Jane Chen is the CEO of Embrace Innovations, an organization that produces and provides lifesaving infant warmers that function as high-tech incubators, at a fraction of the cost. She recently founded Little Lotus Baby, a social business that provides an Embrace warmer to a vulnerable infant for every swaddle sold here in the US. We recently heard Jane speak, and were blown away by how she and her team have used innovation and creativity to solve one of the world’s biggest problems. We’re sharing our conversation with Jane today.
Give us the backstory on Embrace. What need were you trying to fill at the beginning? Has your vision evolved at all since then?
Embrace started as a group project in a Stanford classroom. My team was challenged to design a baby incubator that would cost one percent of the cost of a traditional incubator, which is about $20,000. For many healthcare facilities in developing regions, that amount of money is far beyond their means.
We started doing research in places like India and Nepal. There, I met dozens of mothers in villages who had lost their babies because they couldn't even get to a hospital. It became clear that our vision needed to evolve to meet their needs. We came up with the Embrace infant warmer, a sleeping bag designed with a phase-change material, a substance similar to wax, which changes to a liquid state when warmed. When melted, this can maintain a constant temperature of 98 degrees Fahrenheit for hours at a stretch, without the need for electricity.
Your website leads with a startling fact: That the most dangerous day of a baby’s life is the day of their birth. Tell us why that is.
15 million preterm and underweight babies are born every year around the world. 3 million babies die every year in the first months of their lives. 1 million babies die on the day they are born. Without access to modern medical technologies or hospitals, preterm babies in developing countries are the world’s most vulnerable human beings.
Without the Embrace heater, what are some ways mothers and nurses cope without access to incubators around the world?
In rural settings, we see local solutions like light bulbs or space heaters to warm babies, both of which are extremely ineffective and dangerous. There are also solutions like skin-to-skin care, which is putting a baby against a mother’s bare chest. This is every effective, but challenging for moms to do 24/7. My team and I quickly came to realize that what was needed was not just a low-cost incubator, but rather a solution that didn’t rely on a constant supply of electricity. It also needed to be something that would be easy for a village healthcare worker to use.
Tell us a little bit about your impact to date. Is there a particular story of one child or mother that has stood out to you most since your founding?
So far, we have helped 200,000 babies and counting.
There is a child named Nathan who is extremely special to me, and his story is probably surprising to most. Born just under two pounds and abandoned on the side of the road in Beijing after his birth, his little life has come to be one of my biggest sources of inspiration. After Nathan was discovered by staff from a nearby orphanage (Little Flower Orphanage) with whom we had just launched a program, Nathan was swaddled in an Embrace Warmer for thirty days. Thanks to the warmer, and to Little Flower’s loving care, this tiny infant survived! At that birth weight, he was not expected to survive, so his story was incredibly moving to me. When I went to the orphanage to visit him at seven months old, I found a healthy, happy baby boy. Today, Nathan lives in Chicago with his adopted family, and is a smiling, interactive, and very lively toddler. His family has even sent me photos of Nathan posing next to his Embrace Warmer, which he is way too big for now!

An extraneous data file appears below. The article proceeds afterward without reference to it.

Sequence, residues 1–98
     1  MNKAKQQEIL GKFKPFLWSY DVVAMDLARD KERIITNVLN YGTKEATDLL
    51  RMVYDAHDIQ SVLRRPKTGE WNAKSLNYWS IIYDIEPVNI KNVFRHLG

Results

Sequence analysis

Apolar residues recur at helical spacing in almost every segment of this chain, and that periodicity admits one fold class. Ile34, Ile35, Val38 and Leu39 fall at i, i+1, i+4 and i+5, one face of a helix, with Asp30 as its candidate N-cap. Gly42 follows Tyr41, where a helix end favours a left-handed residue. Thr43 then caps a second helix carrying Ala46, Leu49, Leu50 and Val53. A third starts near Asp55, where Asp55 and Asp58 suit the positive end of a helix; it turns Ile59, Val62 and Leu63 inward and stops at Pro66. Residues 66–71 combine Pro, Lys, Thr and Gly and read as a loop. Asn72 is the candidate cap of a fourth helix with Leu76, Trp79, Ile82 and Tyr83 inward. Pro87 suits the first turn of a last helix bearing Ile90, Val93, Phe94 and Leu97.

How does Little Lotus fit into this model?
Little Lotus Baby is our line of baby products for U.S. consumers. Our swaddles, sleeping bags, and baby blankets use technology inspired by the Embrace Warmer, and help a baby maintain his or her ideal body temperature. As a result, our customers tell us that their babies’ sleep has improved dramatically. In fact, we just completed an informal study in which 8 out of 11 babies slept four hours, on average, longer with our product compared to existing products, over a five-day period. What I am most proud of is our sales model. With each purchase of a Little Lotus product, we help an at-risk baby with the Embrace Infant Warmer. Our goal is help save the lives of one million preterm infants, and we’re rallying our engaged customers to help accomplish that.
How can readers get involved?
The best way someone can help is by purchasing a Little Lotus Baby product for a friend, family member, or for their own baby. We also have a corporate giving program called #CompaniesGiveLove, where corporations sign up to gift all of their expecting employees, mothers and fathers, a Little Lotus Baby product. So far Salesforce.com and Dermalogica have both signed on. We’d love to hear from anyone who wants to partner with us through his or her company!
What are your plans for the future of the company?
We have started prototyping products that have sensors integrated. We’d eventually like to roll out a product that would allow parents to be able to monitor their baby via a smartphone that connects to the product. Right now, our focus is Little Lotus Baby, which we just launched in December. We’re currently taking pre-orders for our next round of products, which will be available again in July. We’re growing our community of parents and families, and we welcome the FEED community to check us out and support our mission. Our vision is that we can get the Embrace warmers to every baby who needs one, and to help save the lives of millions of babies as a result.